The Fabulous Fox Theatre presented “Escape from Margaritaville” October 18-20.

By CB AdamsContributing WriterThere’s no easy way to say this: Union Avenue Opera’s season-ender production of Tom Cipullo’s true story Glory Denied is not easy to recommend because it is “not” many things.

It’s not a familiar, time-tested story arc (dare we say, post-modern?). Like most operas, it doesn’t examine a happy subject (war, torture, dissolution, hatred substance abuse, suicide, etc.), but unlike most operas, it ends despairingly rather than tragically, hopefully or even poetically.

Because it is not an opera that takes fictional specifics and reaches out for the universal — it’s an adaptation of the eponymous book by Tom Philpott, Glory Denied presents the very real specifics of a very real man (husband, father, Army colonel, America’s longest-held prisoner of war, alcoholic, etc.) and turns those specifics deeply inward – into gut shots rather than navel gazing. Nor is it filled with likeable characters; it’s especially hard to identify with or have much true empathy for either version of the wife, Alyce, despite Cipullo’s best efforts to present her side of the story.

And it’s not about America at its best – no rose-colored, rah-rah,
flag-waving, patriotic boosterism in this story. This is an opera about an ugly
war, an ugly time in America and the ugly way that both the government and our
fellow citizens dealt with its ugly details and aftereffects. On stage, the
horrific details keep adding up like those nightly body counts on the evening
news during the Vietnam War.

The first act deals primarily with the eight-year
imprisonment and physical abuse that Floyd James “Jim” Thompson endured,
followed by the second act examining how his post-war life was just as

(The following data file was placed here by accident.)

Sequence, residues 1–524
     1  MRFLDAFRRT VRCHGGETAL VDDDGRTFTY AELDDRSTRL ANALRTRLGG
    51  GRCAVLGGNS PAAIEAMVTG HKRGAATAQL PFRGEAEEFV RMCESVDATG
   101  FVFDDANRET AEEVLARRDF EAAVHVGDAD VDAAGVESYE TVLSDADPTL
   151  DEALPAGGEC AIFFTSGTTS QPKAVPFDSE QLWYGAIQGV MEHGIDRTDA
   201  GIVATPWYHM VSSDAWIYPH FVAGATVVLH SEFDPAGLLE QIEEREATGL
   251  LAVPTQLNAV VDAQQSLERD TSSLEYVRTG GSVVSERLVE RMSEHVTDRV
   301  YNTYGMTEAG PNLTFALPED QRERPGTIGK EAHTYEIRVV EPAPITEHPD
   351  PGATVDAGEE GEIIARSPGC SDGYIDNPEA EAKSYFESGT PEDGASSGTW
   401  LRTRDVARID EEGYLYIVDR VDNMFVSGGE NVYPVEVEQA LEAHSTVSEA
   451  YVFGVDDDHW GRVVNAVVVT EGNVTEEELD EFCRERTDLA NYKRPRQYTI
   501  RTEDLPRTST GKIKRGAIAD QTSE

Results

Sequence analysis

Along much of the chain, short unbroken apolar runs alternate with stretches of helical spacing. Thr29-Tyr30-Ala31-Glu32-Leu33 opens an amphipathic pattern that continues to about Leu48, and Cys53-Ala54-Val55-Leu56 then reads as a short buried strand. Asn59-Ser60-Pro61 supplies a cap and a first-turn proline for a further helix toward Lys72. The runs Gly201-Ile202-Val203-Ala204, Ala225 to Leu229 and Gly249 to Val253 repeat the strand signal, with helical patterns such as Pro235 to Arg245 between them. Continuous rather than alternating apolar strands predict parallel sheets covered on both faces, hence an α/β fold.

tortuous, albeit in very different ways. (For plot details, do a quick internet
search – it debuted in 2007 and has had more than 20 productions since then.)

And yet, it is precisely because of all of the things that Glory Denied is not that makes it precisely
why UAO’s production deserves an audience – and certainly one better attended
than the August 17 performance (c’mon, St. Louis theater goers in general and
opera goers in particular!). Not everything worthwhile is easy and not
everything can be sugarcoated to help the bitterness go down. Glory Denied (in its St. Louis debut), should
be seen for exactly what it is: a cautionary tale. It serves the same purpose
as the uncomfortable “aversion therapy” scene in A Clockwork Orange – the one where the lead character, Alex, is
forced to watch violent images while his eyes are clamped open.

Union Avenue Opera’s Glory Denied dress rehearsal on August 13, 2019.Kudos and a tip of the hat to UAO for taking a chance, pushing the boundaries of our local audiences and supporting the work of a modern composer. The company showed extraordinary commitment to this production. As part of a PNC Arts Alive Grant, UAO presented a free panel discussion about Glory Denied and the Vietnam War on August 13 at Soldier’s Memorial.

Tom Cipullo attended the opening weekend of the opera and led talk-back presentations after the performances. Veterans were eligible for free general admission tickets and active military could see the production for $15. There was even a special room reserved for those who might have an anxious reaction during each performance.

Befitting the intimate nature of the story, Glory Denied relies on a cast of just four portraying two versions of the same character under the direction of St. Louis native Dean Anthony, making his UAO debut. David Walton portrays Younger Thompson and Peter Kendall Clark (making his UAO debut, though he has sung the role previously) plays the central character, Older Thompson.

Thompson’s wife is portrayed by Karina Brazas as the Younger Alyce and Gina Galati as Older Alyce. Brazas and Galati deserve some sort of operatic hazard pay for meeting the challenges of portraying such unlikeable characters so well – it makes their accomplishment that much more appreciated. That same appreciation applies to the entire ensemble as they work with a script consisting entirely of lines from actual interviews, correspondence and other research materials.

The music – sometimes jarring, discordant, atonal – was energetic and robust as conducted by UAO artistic director Scott Schoonover. The minimalist set design by Roger Speidel, while spare, provided appropriate details to convey time and indicate place. He made especially good use of foot lockers and many forms of paper, such as letters, government memoranda, newspapers and magazines as they were thrown, dropped and flung throughout the stage.